This film came out the year I left high school but I don't think I saw it for a few years after. Remember being a bit of a film school snob and not liking it for the most part when I did. Second time here as my wife and I are on a bit of a 1990s kick, and it was quite a bit more enjoyable with some age on me. Although it is still hard to take Leo's performance totally seriously.... he gets the job done but without much magic... the magic he from time to time can do now (Revenant). I think the actorshippe from Johnny Depp, Juliette Lewis, and Darlene Cates aged better. Hallström did some serious films; My Life as a Dog, and Cider House Rules (posted last week). Part of why this film attracts me at the moment I believe is the time period, not one for the 80s fetish, the 90s seem quite intriguing at the moment. My wife was pointing out the fashion in the film, mainly Juliette Lewis, a sort of amalgam of different time periods, 20s, hippy, all over the place but all done in a sort of loving way, not the ironic stuff of now a days with the mom jeans and the like.

Tony Scott - True Romance - 1993
I have seen this film a bunch of times. Partly love it and partly it irritates the hell out of me. Definitely a well made film, well shot, and has some great business throughout (Dennis Hopper and Christopher Walken!), Gary Oldman pimping, Brad Pitt stoned out and cursing people as they leave the apartment, and the killer Gandolfini. What annoys the shit out of this viewer is the majority of the writing by Tarantino which seems like a dreamy 12 year old penned when imagining how cool he would be if he wasn't a shitbird, and in an intense way: Christian Slater who has to be one of the worst actors. I usually just zone out the in between moments (with Slater) waiting for the next bit of good business when watching this film. Although, as I rewatch True Romance over the years the irritating parts start really effecting the rest of the film. Regardless... it is a good film, just one with some problems, but maybe I am alone with these ideas?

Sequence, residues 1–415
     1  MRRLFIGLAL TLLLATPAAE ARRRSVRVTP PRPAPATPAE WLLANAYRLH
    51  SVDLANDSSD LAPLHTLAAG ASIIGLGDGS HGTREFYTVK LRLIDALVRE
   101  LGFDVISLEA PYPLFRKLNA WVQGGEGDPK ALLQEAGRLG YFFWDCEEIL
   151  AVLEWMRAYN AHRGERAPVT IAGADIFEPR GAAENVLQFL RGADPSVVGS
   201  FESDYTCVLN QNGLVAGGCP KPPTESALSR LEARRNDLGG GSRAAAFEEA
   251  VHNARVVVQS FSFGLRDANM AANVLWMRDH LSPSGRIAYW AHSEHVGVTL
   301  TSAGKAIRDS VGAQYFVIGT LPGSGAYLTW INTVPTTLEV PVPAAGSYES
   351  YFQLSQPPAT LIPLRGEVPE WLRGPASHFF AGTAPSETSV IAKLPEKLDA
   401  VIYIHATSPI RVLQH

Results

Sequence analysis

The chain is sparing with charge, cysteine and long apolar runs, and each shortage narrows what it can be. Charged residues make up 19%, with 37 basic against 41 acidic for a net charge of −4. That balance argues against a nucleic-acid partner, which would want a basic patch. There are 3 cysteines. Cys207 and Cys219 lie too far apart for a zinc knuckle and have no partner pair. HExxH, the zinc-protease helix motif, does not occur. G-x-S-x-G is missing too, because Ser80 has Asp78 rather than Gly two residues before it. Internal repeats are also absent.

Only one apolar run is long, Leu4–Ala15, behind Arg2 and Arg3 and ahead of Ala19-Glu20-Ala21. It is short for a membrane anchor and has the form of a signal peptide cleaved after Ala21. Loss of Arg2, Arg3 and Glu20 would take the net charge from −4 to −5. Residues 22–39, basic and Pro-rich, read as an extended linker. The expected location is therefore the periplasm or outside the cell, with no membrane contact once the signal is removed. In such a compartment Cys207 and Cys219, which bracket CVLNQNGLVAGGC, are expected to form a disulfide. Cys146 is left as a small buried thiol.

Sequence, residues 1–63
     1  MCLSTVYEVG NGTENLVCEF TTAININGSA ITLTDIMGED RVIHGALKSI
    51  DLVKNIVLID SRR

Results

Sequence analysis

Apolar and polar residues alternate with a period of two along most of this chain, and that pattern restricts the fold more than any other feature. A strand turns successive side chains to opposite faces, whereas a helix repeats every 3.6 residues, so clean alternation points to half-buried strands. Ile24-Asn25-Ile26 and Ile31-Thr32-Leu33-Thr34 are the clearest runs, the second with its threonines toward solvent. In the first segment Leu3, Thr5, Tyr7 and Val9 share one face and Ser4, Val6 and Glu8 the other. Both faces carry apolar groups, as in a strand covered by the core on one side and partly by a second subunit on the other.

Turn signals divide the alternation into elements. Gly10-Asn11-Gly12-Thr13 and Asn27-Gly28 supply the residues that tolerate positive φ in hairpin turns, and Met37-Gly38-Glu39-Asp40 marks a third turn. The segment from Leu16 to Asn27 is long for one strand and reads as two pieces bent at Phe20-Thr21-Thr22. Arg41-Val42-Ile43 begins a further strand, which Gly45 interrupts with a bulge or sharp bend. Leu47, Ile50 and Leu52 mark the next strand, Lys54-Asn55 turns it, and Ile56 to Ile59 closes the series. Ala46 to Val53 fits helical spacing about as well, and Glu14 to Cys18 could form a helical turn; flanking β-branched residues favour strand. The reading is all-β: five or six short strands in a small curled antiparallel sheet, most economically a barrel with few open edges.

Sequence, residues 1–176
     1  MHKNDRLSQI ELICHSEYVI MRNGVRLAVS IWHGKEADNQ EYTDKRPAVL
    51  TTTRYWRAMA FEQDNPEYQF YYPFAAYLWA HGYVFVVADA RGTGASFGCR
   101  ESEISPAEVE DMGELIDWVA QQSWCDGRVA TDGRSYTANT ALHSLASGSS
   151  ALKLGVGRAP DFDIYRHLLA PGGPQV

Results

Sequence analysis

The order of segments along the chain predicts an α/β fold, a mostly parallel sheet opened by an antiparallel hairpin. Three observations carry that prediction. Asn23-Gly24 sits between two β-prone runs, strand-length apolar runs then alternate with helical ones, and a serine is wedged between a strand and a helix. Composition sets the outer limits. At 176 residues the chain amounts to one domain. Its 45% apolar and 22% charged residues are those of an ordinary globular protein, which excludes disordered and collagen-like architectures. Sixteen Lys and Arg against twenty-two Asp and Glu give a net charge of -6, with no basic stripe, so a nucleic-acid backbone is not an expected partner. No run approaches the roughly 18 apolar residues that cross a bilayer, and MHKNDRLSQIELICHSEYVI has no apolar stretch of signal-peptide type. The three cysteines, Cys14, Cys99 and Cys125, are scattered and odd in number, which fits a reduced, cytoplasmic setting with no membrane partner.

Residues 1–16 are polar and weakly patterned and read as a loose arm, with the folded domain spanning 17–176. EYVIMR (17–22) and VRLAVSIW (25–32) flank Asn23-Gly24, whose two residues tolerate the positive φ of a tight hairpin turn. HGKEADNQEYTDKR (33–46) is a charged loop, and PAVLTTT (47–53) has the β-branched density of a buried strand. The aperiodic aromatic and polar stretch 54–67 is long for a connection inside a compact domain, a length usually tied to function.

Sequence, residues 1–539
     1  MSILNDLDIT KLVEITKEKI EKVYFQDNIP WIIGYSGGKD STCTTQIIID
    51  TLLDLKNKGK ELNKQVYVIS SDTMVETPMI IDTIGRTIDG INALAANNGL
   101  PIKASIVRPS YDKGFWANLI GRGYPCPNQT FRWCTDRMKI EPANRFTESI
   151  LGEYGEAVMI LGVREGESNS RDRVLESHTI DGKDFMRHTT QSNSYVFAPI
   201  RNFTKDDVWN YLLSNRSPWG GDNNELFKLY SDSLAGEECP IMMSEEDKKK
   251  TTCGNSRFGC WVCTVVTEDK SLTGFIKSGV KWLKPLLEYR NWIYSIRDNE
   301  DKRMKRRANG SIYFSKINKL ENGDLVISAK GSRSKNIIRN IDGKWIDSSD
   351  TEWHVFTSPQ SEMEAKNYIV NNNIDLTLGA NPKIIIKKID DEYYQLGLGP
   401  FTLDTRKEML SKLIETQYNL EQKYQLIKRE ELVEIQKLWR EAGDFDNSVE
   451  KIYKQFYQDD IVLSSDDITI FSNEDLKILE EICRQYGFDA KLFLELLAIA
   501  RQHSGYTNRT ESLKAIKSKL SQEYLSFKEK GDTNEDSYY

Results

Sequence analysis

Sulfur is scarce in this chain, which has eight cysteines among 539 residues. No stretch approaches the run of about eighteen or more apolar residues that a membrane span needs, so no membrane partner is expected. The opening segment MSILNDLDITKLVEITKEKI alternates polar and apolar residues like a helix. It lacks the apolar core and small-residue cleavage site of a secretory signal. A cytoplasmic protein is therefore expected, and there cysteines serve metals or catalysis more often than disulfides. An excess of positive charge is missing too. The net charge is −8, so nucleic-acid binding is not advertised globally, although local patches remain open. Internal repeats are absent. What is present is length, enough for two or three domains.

Pierre Morel - Taken - 2008
Taken begins the Liam Neeson action film rampage which in a way are one movie, with some good moments and some not as good, kind of a cross between The Wrong Man and a revenge western. This particular Neeson film is pretty good, I think my favorites with him as action hero are this, The Grey, and Non-Stop. One has to accept the beauty of the action and not pay too much attention to story and acting, Neeson is somehow always superb in these films.

David Fincher - The Game - 1997
Saw this first about 15 years ago or so and didn't have a clear picture in my mind as I do with some other Fincher films. I remember it being a touch of a mind-fuck kind of picture. The story is preposterous but I do like watching Michael Douglas in a sort of North by Northwest type of role... scurrying about a city I lived in for almost 20 years (the City by the Bay), in fact he is mostly in the neighborhood I once worked and remember clearly. Fincher does real good San Francisco films, Zodiac is another example.

Clint Eastwood - Unforgiven - 1992
Saw this film in the theater when it came out and purchased it either on VHS or DVD (cannot remember) around three years later when in college and just spent the next five years watching the shit out of it. I have always found myself attracted to many of Eastwood's films, especially when he acts in them, just something the guy has that is what makes certain films so magical. Growing up I remember watching Dirty Harry often and Escape from Alcatraz, and of course Every Which Way but Loose (a first exposure to Ruth Gordon). Seeing the Leone trilogy in college just made me a complete enthusiast of Eastwood and have since then watched most of his films numerous times. He is kind of like Woody Allen in that he just had a stretch of really good ones one after the other, but unlike Allen he continued making heavy films, like the recent Grand Torino.  The cinematographer Jack N. Green just really pulls you in there immediately, not unlike The Searchers beginning with that bloody door shot. Such a lovely film and most of it very very dark. A top 10 kind of western for this viewer, endlessly watchable, and having not seen it in a good 15 years or so not only did the films magic reveal itself in the way that a great film's does, but also the memory of the mentality of this viewer when he was in his late teens and then his early twenties, and found himself muttering "duck I say's" to anybody that thought they were a lot smarter than they actually were. The way memories reveal themselves as one watches an "old friend" is one of the great things about getting a little long in the tooth and rewatching solid movies, partly what these recent posts are about.